Cancer Causes & Control

, Volume 13, Issue 1, pp 15–25 | Cite as

Birth characteristics, maternal reproductive history, hormone use during pregnancy, and risk of childhood acute lymphocytic leukemia by immunophenotype (United States)

  • Xiao Ou Shu
  • Dehui Han
  • Richard K. Severson
  • Zhi Chen
  • Joseph P. Neglia
  • Gregory H. Reaman
  • Jonathan D. Buckley
  • Leslie L. Robison


Objective: To investigate the associations of birth characteristics and maternal reproductive factors with risk of childhood acute lymphoblastic leukemia (ALL) by immunophenotypic subtypes. Methods: Data collected from a case–control study including 1842 ALL cases (age < 15 years) and 1986 individually matched controls were analyzed. Exposure information was obtained through telephone interviews of parents. Results: Factors associated with risk of ALL from all subgroups combined included high birth weight (OR = 1.4, 95% CI = 1.1–1.8), high birth order (OR = 2.0, 95% CI = 1.3–3.0 for fourth-born child compared to first-born child), young maternal age (<20 compared to 25–29, OR = 1.4, 95% CI = 1.1–1.9), advanced paternal age ( > 39 compared to 25–29, OR = 1.4, 95% CI = 1.0–1.9), induced abortion prior to the index pregnancy (OR = 1.2, 95% CI = 1.0–1.4), and oral contraceptive use during the index pregnancy (OR = 1.5, 95% CI = 1.0–2.2) with children under the age of 2 (OR = 5.1, 95% CI = 1.0–24.7) being the predominantly affected group. Risk of early pre-B-cell ALL increased with advanced paternal age (OR = 1.7, 95% CI = 1.1–2.7) and high birth order (OR = 2.0, 95% CI = 1.1–3.6), while risk of pre-B-cell ALL increased with both younger (OR = 3.4, 95% CI = 1.4–8.4) and advanced maternal age (OR = 2.6, 95% CI = 1.1–5.9). T-cell ALL was associated with high birth weight (OR = 2.4, 95% CI = 1.1–5.5) and history of induced abortion (OR = 2.4, 95% CI = 1.3–4.5). Conclusion: This study suggests that the association of ALL with birth characteristics and maternal reproductive factors varies with the immunophenotype of the ALL. Future studies are needed to better understand the effect of maternal hormone in the development of subtype of childhood ALL.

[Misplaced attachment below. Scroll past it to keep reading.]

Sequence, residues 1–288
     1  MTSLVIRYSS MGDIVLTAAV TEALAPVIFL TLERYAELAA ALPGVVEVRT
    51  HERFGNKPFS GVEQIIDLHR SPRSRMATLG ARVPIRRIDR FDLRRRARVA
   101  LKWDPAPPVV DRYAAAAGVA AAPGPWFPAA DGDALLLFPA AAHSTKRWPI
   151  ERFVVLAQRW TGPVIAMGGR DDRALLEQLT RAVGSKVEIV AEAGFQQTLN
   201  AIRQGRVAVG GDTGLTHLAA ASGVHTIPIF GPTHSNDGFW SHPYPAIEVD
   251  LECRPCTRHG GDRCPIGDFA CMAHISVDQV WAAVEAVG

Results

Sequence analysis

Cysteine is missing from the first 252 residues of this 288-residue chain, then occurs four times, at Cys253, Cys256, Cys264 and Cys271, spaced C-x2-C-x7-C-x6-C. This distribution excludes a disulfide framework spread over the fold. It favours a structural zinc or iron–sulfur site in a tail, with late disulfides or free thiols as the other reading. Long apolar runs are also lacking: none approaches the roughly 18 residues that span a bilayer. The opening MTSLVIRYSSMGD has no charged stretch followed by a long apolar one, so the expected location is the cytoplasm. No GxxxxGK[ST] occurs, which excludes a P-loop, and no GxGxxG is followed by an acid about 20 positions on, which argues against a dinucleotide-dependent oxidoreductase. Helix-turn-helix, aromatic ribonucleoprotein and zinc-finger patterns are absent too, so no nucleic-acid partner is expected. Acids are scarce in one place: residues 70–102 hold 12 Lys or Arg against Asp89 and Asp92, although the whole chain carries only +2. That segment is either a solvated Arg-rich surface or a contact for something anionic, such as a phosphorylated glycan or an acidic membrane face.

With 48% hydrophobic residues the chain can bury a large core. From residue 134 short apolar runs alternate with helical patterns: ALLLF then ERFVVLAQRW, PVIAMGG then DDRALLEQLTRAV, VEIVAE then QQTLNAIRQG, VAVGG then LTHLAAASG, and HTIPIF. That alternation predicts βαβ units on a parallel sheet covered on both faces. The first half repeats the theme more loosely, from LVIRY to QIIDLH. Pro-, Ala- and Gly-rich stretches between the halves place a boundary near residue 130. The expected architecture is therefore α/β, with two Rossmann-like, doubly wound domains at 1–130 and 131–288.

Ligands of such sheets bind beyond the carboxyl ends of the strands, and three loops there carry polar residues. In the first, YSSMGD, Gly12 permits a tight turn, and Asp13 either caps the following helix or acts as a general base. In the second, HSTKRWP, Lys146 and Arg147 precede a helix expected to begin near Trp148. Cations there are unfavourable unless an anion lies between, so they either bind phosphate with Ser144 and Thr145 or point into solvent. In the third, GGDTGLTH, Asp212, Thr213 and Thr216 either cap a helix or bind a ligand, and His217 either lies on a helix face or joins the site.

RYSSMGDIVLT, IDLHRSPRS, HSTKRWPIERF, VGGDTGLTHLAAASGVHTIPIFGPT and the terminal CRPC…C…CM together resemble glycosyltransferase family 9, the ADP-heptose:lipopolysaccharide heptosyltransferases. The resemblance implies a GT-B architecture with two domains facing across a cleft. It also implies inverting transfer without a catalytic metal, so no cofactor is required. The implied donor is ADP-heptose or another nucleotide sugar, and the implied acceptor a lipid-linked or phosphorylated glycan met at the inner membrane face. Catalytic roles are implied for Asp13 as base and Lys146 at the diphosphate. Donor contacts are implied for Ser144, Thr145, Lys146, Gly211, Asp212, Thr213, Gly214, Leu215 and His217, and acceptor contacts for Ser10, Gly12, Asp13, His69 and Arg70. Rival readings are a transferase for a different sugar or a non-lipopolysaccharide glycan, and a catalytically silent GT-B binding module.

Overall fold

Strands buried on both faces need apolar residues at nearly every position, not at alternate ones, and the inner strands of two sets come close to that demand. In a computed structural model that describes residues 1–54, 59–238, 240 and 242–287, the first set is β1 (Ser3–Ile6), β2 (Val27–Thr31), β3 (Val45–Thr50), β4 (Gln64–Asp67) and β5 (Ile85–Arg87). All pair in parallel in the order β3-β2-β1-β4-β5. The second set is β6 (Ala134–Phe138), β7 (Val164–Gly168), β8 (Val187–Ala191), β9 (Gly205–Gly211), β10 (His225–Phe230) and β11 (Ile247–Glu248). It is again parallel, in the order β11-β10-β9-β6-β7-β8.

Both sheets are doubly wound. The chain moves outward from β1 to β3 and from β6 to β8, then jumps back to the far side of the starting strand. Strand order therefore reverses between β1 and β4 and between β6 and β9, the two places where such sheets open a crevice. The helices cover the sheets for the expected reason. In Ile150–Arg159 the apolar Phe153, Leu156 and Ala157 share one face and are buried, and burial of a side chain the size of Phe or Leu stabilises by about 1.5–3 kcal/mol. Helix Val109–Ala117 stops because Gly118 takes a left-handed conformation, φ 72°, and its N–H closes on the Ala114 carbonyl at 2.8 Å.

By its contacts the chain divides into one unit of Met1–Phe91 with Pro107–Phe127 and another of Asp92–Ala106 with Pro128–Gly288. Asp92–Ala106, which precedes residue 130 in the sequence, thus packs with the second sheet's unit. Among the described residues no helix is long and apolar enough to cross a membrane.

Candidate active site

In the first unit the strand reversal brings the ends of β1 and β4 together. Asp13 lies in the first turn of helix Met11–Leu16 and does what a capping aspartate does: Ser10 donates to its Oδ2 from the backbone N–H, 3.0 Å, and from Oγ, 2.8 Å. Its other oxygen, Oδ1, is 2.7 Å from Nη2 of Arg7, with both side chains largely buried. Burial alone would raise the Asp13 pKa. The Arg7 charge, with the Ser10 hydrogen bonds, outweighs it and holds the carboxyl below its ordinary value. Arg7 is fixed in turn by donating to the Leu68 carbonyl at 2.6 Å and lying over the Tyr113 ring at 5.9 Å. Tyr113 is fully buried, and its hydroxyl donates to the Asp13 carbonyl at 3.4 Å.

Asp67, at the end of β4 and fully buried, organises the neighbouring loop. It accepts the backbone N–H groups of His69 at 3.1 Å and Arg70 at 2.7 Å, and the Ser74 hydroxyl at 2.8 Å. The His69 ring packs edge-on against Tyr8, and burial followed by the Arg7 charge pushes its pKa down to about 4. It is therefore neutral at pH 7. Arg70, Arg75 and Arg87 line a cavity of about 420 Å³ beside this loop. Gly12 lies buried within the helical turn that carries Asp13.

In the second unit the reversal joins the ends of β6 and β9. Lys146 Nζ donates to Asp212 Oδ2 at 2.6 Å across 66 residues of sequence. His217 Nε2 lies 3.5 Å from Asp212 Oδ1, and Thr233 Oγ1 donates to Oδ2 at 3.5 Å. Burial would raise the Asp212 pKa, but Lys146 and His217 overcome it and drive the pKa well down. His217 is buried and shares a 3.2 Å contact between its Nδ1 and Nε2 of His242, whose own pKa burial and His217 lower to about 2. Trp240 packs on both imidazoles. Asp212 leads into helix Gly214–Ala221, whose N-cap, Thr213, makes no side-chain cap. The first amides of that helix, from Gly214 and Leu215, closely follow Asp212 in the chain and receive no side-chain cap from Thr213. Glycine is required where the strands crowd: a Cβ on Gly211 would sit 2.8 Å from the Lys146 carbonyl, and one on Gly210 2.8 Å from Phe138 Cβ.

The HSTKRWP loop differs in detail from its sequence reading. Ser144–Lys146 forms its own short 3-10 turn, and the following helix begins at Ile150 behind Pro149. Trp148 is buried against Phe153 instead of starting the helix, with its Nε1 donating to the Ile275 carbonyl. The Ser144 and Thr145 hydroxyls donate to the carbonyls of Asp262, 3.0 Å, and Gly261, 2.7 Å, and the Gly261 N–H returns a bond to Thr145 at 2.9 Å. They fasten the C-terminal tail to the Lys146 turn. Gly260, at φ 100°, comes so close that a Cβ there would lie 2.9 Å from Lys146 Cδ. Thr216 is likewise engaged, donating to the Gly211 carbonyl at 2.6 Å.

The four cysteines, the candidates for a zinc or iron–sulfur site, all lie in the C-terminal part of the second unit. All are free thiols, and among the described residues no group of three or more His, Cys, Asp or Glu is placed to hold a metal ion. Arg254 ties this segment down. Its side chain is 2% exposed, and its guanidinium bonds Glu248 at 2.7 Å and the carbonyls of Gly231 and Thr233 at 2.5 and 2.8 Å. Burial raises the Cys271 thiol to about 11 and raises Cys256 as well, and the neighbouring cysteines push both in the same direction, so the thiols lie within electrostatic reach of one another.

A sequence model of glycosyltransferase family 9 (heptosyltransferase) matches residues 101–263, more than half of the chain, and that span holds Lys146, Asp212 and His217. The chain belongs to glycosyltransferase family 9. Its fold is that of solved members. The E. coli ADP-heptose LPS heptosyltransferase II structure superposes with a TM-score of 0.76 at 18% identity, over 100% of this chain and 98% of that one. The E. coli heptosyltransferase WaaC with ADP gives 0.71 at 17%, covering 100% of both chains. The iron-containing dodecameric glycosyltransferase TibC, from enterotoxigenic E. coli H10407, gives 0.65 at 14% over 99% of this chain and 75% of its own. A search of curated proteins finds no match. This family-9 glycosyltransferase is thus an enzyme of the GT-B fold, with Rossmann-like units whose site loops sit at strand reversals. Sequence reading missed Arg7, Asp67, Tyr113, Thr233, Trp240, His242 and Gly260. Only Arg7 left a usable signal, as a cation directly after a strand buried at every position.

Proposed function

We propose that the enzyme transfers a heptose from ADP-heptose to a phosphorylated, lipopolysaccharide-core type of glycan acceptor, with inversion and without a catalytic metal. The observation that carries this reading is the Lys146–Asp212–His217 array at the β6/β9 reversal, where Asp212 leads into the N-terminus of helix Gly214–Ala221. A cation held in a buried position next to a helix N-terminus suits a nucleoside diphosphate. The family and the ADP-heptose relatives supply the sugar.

ALL birth characteristics oral contraceptive 


Unable to display preview. Download preview PDF.

Unable to display preview. Download preview PDF.


  1. 1.
    Buckley JD, Buckley CM, Ruccione K, et al. (1994) Epidemiological characteristics of childhood acute lymphocytic leukemia. Analysis by immunophenotype. Leukemia 8: 856-864.Google Scholar
  2. 2.
    Westergaard T, Anderson PK, Pedersen JB, et al. (1997) Birth characteristics, sibling patterns, and acute leukemia risk in childhood: a population-based cohort study. J Natl Cancer Inst 89: 939-947.Google Scholar
  3. 3.
    Van Steensel-Moll HA, Valkenburg HA, Vandenbroucke JP, van Zanen GE (1985) Are maternal fertility problems related to childhood leukaemia? Int J Epidemiology 14: 555-559.Google Scholar
  4. 4.
    Robison LL, Codd M, Gunderson P, Neglia JP, Smithson WA, King FL (1987) Birth weight as a risk factor for childhood acute lymphoblastic leukemia. Pediatr Hematol Oncol 4: 63-72.Google Scholar
  5. 5.
    Shu XO, Gao YT, Brinton LA, et al. (1988) A population-based case-control study of childhood leukemia in Shanghai. Cancer 62: 635-644.Google Scholar
  6. 6.
    Fasal E, Jackson EW, Klauber MR (1971) Birth characteristics and leukemia in childhood. J Natl Cancer Inst 47: 501-509.Google Scholar
  7. 7.
    Kaye SA, Robison LL, Smithson WA, Gunderson P, King FL, Neglia JP (1991) Maternal reproductive history and birth characteristics in childhood acute lymphoblastic leukemia. Cancer 68: 1351-1355.Google Scholar
  8. 8.
    Yeazel MW, Buckley JD, Woods WG, Ruccione K, Robison LL (1995) History of maternal fetal loss and increased risk of childhood acute leukemia at an early age. A report from the Children's Cancer Group. Cancer 75: 1718-1727.Google Scholar
  9. 9.
    Daling JR, Starzyk P, Olshan AF, Weiss NS (1984) Birth weight and the incidence of childhood cancer. J Natl Cancer Inst 72: 1039-1041.Google Scholar
  10. 10.
    Yeazel MW, Ross JA, Buckley JD, Woods WG, Ruccione K, Robison LL (1997) High birth weight and risk of specific childhood cancers: a report from the Children's Cancer Group. J Pediatr 131: 671-677.Google Scholar
  11. 11.
    Ross JA, Potter JD, Shu XO, Reaman GH, Lampkin B, Robison LL (1997) Evaluating the relationships among reproductive history, birth characteristics, and infant leukemia: a report from the Children's Cancer Group. Ann Epidemiol 7: 172-179.Google Scholar
  12. 12.